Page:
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Masking the Pain

In days gone by people were divided by things like economic class, color, or culture. There were times that hatred rose up and violence and riots tore apart any semblance of peace. Even now in Minneapolis, this is happening. There is an undercurrent to it all and it is causing so much division in society as a whole right now.

The division is symbolized by the masks many people wear today. Before I continue let me say that I am not picking on either the mask wearers or the mask non-wearers. I am writing about the division caused by perspective.

Perspective is based on what and who you believe. It is not reality but it defines your interpretation of reality so deeply that perspective actually becomes your reality. When this happens, you change your behavior and your thoughts to match your perspective. There is no room for dissent and any evidence that challenges your perspective is dismissed as either fluke or fake.

The people who wear masks have the perspective that the authorities are telling us the truth and doing what they think is right. The people who do not wear masks have the perspective that the authorities are not telling us the truth. There seems very little room for middle ground or agreement. There is even animosity between the two camps. I have heard and read non-maskers mocking maskers and maskers angrily lashing out at non-maskers.

It reminds me of the race riots of the sixties and the struggle for segregation in America. And these perspectives play a role in the violent riots in the United States today.

Whether it is called racism or maskism, when we allow our perspectives to become the truth, the absolute truth and nothing but the truth, we hurt each other.  Our perspectives filter our world.  We all have them and we all need them to make sense out of our environment. For example, a child must have that perspective that a fire is hot and dangerous or burns will occur. As we develop into adulthood these filters become more complex until they begin to from a string of reasoning. This is our worldview.

As I have written before, our worldview is our set of beliefs about how the world is and how it ought to be. Worldviews are very culturally dependent. Our first worldview is that of our parents and immediate family. Then our friends and co-workers and develops into an amalgamation of our experience and likes and dislikes.

For instance, I have a Biblical worldview with a western slant. My friends from Africa also have a Biblical worldview but because of very different experiences, it will have a different slant.  I am not wrong nor or they wrong. In this case, the worldviews, although different, have a common ground—the Bible.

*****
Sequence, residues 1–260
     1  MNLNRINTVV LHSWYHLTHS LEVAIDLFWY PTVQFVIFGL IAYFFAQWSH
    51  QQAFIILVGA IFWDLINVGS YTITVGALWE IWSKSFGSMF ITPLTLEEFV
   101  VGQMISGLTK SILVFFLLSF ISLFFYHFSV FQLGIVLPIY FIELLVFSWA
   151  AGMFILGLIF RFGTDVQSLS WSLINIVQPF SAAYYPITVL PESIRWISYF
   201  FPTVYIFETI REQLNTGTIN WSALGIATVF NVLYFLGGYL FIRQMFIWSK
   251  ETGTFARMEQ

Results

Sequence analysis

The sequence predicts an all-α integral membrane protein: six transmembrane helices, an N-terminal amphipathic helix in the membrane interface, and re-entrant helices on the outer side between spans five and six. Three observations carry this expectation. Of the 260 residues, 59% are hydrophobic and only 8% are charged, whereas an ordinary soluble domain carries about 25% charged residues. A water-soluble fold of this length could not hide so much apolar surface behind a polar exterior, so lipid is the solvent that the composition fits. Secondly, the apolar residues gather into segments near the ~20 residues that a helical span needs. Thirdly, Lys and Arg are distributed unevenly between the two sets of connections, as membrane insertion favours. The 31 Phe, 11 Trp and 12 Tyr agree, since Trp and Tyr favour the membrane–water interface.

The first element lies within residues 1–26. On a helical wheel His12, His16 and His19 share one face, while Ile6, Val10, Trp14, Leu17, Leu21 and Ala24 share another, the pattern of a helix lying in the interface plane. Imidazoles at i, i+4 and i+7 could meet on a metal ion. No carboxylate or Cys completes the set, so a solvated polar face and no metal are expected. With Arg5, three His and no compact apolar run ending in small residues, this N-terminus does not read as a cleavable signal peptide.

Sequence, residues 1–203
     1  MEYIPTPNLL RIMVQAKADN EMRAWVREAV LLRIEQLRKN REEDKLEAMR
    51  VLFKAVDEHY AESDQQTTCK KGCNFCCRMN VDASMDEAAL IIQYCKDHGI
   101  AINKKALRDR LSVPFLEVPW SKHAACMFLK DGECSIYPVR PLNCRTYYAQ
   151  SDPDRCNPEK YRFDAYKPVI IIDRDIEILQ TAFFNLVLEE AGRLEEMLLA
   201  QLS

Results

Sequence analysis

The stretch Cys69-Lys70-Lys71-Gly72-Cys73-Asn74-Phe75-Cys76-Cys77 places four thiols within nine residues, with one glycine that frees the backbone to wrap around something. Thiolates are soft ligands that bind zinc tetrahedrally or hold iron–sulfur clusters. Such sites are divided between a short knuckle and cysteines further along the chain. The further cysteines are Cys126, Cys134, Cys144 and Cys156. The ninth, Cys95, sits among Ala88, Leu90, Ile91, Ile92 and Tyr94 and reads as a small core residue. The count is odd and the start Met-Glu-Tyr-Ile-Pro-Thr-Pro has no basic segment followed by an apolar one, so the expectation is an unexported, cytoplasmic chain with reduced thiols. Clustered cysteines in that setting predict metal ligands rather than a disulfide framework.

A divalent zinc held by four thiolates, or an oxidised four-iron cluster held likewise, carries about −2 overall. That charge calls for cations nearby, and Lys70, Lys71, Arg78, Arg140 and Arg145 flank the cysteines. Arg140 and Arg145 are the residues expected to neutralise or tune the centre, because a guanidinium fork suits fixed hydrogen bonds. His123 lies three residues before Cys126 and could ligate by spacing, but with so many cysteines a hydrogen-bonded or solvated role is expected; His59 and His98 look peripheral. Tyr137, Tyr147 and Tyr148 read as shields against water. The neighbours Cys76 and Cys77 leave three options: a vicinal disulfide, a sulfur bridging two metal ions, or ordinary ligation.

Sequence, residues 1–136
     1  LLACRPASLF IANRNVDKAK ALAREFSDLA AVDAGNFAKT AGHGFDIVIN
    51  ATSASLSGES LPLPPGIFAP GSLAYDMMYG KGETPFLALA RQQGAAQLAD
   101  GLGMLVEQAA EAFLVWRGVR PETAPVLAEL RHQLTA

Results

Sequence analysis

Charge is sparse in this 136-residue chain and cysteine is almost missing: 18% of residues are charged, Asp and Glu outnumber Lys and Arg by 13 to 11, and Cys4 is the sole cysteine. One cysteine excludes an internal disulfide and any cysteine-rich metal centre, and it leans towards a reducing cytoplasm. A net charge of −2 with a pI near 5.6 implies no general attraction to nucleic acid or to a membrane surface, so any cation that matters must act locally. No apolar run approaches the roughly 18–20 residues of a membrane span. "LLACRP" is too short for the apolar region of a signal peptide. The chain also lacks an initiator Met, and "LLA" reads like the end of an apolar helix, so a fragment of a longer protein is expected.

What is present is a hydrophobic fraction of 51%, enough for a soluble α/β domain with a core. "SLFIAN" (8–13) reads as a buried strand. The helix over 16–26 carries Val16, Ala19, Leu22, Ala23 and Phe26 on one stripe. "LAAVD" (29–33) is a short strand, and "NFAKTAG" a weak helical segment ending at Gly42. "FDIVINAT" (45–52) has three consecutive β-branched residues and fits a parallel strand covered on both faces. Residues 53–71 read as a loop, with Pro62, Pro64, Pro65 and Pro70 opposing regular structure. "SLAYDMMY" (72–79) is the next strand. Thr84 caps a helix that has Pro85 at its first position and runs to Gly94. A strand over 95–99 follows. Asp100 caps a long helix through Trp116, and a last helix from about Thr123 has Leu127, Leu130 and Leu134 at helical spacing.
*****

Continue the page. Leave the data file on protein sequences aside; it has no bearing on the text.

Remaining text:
In the clash of perspectives or worldviews that happened in the sixties and continues now, it is hard to find common ground. From the idea that one race or culture is better than others to the notion that police only protect the oppressors and not the oppressed there is a great divide between perspectives and people.

Sometimes common ground is so very difficult to find and the only common ground in some instances is that we are human. And to be honest, there are times that is not enough to stop the hatred, fear, and violence. The persecution and slaughter of Christians in Nigeria and other areas shows this to be true. Hatred takes away that most basic of common grounds.

What about here and now in North America? There are many divisions along race and culture, poverty and power. And now we have added masks into the mix. Anger seems to be in every sector of society right now. What is the root of all this anger?

It is perspective. And they are based on idolization of the self. We put ourselves in the place of God as we judge others without mercy and force our will on them. Our perspective is not one of love. It is one of fear.

The only cure for such self-worship is to worship the Lord and the Lord only. He is the creator; we, you and I, are only the creation. Our perspectives are temporary and self-focused. God’s perspective is eternal and other focused.

I know times are tough and can be scary. Only the eternal perspective of God can set us free from the fear and anger that is controlling us now.


Andy Becker is a retired counselor and author of The Travelers, a fictionalized account of spiritual warfare (available on Amazon) as is, Stupid Thyroid, a book he co-wrote with his wife, Stella. Andy and his wife, Stella, lead Lighthouse Ministry in North Central Regina, one of Canada’s poorest and roughest areas. He is a retired counselor, speaker, and writer. Andy Becker is working on his second book about spiritual warfare. His first book, The Travelers, is available at and

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